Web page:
Emirates NBD, Dubai’s biggest bank by assets, is looking to expand its presence in Saudi Arabia and plans to approach the banking regulator in the Arab world’s biggest economy next year to seek permission for 20 additional branches in the kingdom.
The lender is also on the lookout for acquisitions of banking assets in the GCC, Africa and Turkey as part of its growth agenda, its group chief executive said.
Emirates NBD, which received the permission for three branches in Jeddah, Khobar and Riyadh earlier this year, plans to open them in the first quarter of 2018 and only then will approach the regulator, Saudi Arabian Monetary Authority (Sama), for additional licences.
"We will knock on their door once we have actually done that [branch openings]," Shayne Nelson, who has been at the helm of the Emirates NBD for more than four years, told The National. "We can certainly open a couple of dozen branches within the next three to five years if we get the licences. I think we would be very happy with that number."
Emirates NBD was the first non-Saudi bank that was allowed to increase its branch network in Saudi Arabia. Mr Nelson said that despite current softer economic conditions, the kingdom is the place to be and grow into.
“It’s a terrific economy,” he said, adding that Emirates NBD does not want to open too many branches in the kingdom as technology is going to limit the requirements of a very large branch network in the future.
“I don’t think we are going to need 100 branches,” he said, adding that the eventual size of Emirate NBD’s branch network will be the subject to the regulator’s approval, and "four branches for the geography of Saudi Arabia are not enough ... we would love to have more”.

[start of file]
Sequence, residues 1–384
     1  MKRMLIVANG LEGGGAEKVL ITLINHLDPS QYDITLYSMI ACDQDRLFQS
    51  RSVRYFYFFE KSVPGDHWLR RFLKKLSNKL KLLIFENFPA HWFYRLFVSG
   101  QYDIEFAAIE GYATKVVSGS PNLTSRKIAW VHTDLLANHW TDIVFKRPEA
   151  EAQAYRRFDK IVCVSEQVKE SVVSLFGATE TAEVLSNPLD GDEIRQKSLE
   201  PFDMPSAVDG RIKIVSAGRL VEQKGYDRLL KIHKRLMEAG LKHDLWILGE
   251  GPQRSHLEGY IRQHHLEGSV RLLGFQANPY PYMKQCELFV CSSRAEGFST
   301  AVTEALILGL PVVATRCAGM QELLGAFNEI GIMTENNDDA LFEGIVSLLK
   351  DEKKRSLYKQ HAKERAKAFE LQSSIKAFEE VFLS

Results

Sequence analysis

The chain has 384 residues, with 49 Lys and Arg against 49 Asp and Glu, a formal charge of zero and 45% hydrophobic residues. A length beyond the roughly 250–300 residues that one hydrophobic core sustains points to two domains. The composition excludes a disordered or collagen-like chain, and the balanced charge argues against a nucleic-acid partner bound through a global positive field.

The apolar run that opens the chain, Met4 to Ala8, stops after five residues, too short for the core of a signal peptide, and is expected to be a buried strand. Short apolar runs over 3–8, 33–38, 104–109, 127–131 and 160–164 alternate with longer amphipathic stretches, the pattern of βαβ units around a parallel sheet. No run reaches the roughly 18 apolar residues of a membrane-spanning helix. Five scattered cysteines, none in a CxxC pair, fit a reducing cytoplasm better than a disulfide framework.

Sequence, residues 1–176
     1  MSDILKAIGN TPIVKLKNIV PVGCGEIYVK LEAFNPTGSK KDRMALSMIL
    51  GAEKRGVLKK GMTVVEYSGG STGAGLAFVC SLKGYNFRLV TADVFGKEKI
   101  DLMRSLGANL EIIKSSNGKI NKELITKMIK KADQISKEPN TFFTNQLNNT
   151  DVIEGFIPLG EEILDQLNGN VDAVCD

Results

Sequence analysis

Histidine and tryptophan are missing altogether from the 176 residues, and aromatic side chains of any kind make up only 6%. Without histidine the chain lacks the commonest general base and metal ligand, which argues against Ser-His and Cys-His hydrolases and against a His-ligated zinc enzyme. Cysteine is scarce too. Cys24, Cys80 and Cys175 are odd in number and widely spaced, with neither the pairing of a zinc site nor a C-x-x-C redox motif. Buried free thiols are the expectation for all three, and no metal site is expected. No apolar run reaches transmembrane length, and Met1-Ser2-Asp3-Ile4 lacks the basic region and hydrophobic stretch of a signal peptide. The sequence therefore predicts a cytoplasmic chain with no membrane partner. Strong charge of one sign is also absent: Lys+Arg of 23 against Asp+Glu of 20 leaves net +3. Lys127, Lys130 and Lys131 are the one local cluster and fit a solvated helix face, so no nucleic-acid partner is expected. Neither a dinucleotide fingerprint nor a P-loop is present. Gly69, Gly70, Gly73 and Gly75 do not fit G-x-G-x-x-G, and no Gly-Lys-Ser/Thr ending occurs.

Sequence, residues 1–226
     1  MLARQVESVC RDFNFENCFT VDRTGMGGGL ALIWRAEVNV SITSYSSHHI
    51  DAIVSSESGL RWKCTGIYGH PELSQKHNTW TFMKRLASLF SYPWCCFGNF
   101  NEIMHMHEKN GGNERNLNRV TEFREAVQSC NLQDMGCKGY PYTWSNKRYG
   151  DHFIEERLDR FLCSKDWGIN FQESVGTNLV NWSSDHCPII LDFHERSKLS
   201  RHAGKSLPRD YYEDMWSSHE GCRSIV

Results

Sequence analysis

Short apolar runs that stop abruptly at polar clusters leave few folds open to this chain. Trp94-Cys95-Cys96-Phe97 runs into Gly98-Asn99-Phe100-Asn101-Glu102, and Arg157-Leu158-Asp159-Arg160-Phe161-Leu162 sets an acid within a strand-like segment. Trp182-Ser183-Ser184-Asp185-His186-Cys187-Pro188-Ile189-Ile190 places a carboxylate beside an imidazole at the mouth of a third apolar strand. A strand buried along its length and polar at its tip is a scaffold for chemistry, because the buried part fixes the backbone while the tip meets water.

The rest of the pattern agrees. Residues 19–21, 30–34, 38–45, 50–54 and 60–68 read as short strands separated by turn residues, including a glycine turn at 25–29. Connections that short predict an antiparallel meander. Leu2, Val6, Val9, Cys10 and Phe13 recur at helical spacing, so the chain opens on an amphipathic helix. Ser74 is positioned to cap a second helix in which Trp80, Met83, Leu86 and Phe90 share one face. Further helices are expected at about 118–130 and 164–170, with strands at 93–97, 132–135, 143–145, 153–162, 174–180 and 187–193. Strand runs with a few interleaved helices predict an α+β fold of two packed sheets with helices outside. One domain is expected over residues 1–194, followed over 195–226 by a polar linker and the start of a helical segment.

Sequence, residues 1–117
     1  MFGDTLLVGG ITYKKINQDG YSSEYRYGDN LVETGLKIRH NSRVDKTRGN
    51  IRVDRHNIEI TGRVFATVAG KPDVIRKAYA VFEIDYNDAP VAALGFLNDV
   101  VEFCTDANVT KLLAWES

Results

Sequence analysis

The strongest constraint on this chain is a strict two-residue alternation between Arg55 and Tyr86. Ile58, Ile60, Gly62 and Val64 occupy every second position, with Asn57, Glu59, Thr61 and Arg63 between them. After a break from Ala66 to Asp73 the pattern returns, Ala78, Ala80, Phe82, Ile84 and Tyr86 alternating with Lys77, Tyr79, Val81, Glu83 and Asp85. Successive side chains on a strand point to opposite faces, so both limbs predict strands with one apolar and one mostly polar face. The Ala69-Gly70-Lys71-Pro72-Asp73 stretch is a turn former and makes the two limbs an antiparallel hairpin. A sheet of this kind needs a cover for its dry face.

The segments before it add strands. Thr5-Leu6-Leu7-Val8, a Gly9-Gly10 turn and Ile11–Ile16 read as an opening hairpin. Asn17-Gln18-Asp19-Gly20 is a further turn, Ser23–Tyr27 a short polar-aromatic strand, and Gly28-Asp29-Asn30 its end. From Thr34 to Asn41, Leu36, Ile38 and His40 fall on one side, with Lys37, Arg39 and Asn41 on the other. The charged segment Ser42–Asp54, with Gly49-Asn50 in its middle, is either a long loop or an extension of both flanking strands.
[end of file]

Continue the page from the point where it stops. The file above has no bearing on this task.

The lender, which had only one branch in the capital Riyadh before securing permission for three more, has chased Sama for a decade to expand in the country. Once the regulator sees Emirate NBD's success with the new branches, it might be inclined to issue more licences, said Mr Nelson.
“To be fair, Saudi authorities would like to see us get these [branches] opened, get them staffed up and start getting successful, [and then] they will be quite open,” he explained. The strong relationship between Saudi Arabia and the UAE, the region’s second biggest economy, could also help in paving the way for Emirate’s NBD’s Saudi growth plans, he noted.
The bank, which bought BNP Paribas' Egyptian unit about five years ago, is looking for further acquisition opportunities within East and North African markets, the broader Arabian Gulf region and Turkey, Mr Nelson said.
“That’s the geographic spread. Why those markets? Because we believe it’s important to be in the markets where the UAE has a strong relationship and strong capital and trade flows, he said adding that the bank intends to remain “relevant to its customers” and wants to expand where the customers are expanding.
The hydrocarbon-dependent economies of the GCC, a region that accounts for about a third of the world's proven oil reserves, slowed in the past two years after the price of crude fell from its mid-2014 peak, causing credit demand to decline, problem loans to rise and put assets quality in the banking system under pressure. Regional banks have been looking to expand beyond their borders or have explored domestic merger and acquisition opportunities to increase their balance sheets and cope better with a tougher operating environment.
Earlier this year, Abu Dhabi’s First Gulf Bank and National Bank of Abu Dhabi merged to form First Abu Dhabi Bank, one of the top Middle Eastern lenders by assets.
Mr Nelson declined to say if Emirates NBD already has a deal on the table. “We continue to look at multiple targets,” he said.
The lender, which boasts a capital adequacy ratio of more than 20 per cent, has waited a long time for the Egyptian acquisition and is willing to wait further for the right opportunity to come its way.
"It is no secret that we have been looking for quite some time. Every investment bank in the world knows we have surplus capital so we get every idea they can come up with for us to spend money," Mr Nelson said. However, the bank is cautious as "there is no better way of destroying value for shareholders than to make the wrong acquisitions, he added.